The use of new technologies is a key tool to promote human rights. Though authoritarian governments may seek to control the flow of information online, human rights activists, journalists, and everyday citizens can use technology to disseminate information, to expose corruption and other misdeeds and abuses, and to stay in contact with like-minded individuals.
Last year, 41 countries passed or proposed laws or regulations to punish or restrict speech online. More and more governments increasingly blocked access to websites they deemed undesirable, and criminalized online speech. In Tajikistan, for example, the government intermittently blocked access to social media sites, including Facebook and YouTube. The Turkish Government briefly blocked YouTube and Twitter in the lead-up to local elections.
In China, the government continues to block access to websites deemed controversial, such as those discussing Taiwan or the Dalai Lama, or even the New York Times. And in December, the Chinese Government blocked large numbers of users of Gmail, the world’s largest e mail service provider.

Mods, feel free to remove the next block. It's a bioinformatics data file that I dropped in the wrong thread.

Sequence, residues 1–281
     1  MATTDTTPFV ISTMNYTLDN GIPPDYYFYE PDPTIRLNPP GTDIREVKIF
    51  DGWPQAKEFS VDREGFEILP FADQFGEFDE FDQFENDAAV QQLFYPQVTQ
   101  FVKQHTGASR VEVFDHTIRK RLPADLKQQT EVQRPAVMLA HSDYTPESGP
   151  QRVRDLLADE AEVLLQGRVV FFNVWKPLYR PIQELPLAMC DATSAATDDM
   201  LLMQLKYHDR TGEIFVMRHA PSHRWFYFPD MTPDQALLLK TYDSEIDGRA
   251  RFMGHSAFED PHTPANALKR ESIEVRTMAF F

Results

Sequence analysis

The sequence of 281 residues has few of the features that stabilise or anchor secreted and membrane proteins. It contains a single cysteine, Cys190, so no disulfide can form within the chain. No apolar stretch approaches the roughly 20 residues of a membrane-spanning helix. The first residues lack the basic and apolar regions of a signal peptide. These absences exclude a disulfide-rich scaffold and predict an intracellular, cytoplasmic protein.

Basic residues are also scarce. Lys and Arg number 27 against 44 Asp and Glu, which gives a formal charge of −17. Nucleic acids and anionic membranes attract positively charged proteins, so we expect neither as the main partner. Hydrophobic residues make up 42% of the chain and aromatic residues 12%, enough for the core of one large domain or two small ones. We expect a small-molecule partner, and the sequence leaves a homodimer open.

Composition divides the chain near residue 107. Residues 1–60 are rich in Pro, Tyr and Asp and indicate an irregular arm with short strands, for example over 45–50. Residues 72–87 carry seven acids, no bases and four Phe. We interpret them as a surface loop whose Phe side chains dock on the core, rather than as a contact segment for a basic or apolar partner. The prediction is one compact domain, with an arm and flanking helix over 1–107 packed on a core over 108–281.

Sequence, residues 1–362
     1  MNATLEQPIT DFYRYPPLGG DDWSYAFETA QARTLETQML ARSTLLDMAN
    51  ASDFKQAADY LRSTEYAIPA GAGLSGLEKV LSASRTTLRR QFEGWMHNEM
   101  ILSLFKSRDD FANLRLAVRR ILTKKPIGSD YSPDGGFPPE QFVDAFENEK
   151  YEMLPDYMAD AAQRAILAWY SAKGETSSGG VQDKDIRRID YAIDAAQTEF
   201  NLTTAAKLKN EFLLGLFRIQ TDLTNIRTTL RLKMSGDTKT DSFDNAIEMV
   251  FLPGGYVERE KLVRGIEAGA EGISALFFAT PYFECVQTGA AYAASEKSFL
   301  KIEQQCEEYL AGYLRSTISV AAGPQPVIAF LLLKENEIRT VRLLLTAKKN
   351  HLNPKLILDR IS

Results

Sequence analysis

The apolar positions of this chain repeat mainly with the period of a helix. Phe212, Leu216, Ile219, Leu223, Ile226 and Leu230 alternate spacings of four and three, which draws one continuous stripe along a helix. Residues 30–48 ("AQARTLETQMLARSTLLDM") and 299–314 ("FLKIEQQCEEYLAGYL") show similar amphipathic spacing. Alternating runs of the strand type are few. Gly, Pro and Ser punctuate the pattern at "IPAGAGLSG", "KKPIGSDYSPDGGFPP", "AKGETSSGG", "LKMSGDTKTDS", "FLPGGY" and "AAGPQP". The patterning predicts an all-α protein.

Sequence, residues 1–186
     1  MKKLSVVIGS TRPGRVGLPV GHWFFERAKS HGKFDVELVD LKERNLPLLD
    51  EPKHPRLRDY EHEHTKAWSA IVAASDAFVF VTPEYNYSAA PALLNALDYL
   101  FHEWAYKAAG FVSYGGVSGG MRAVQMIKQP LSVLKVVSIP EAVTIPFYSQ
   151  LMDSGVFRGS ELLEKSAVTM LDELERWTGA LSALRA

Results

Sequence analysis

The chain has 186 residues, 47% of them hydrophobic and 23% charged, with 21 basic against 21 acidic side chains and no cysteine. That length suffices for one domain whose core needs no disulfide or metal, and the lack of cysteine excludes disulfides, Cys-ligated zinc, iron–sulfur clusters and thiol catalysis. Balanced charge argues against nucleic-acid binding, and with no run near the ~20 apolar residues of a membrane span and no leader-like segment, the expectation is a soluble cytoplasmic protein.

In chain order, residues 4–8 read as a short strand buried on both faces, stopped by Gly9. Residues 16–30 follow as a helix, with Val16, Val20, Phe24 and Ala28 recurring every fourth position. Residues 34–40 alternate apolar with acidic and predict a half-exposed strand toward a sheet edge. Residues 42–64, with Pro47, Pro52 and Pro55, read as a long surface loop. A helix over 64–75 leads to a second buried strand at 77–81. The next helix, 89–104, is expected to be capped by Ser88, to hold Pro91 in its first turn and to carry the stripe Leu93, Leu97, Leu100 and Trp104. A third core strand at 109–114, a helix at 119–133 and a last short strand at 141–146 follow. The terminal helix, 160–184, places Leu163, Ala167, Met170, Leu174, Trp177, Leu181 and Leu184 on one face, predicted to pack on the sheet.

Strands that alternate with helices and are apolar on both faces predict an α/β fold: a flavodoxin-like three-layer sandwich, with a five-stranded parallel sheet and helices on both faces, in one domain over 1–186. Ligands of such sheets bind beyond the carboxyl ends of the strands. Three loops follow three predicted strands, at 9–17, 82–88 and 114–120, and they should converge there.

Other governments passed new laws to go after activists who use the internet to express themselves. Many who were arrested were sentenced to long prison terms, fines, corporal punishment, and even banishment.
In Vietnam, authorities continue to harass, intimidate, arrest, and convict bloggers who express views critical of the government online.
But even as governments attempt to control expression and access to information online, human rights activists use new technologies, such as satellite imagery, video, and crowdsourcing technologies, to gather and disseminate information, and to document human rights abuses in areas where security and accessibility are a problem.
Today, technology can be used to provide accurate information regarding protests, destruction, and violence in countries around the world. Technology can help increase transparency and fight corruption.
So, even as authoritarian governments become more aggressive in cracking down on freedom of expression, both online and offline, people in every country become more connected and better informed.
Banning websites and blocking content are misguided attempts to impose order. Instead, governments must respect fundamental freedoms and promote an open global Internet.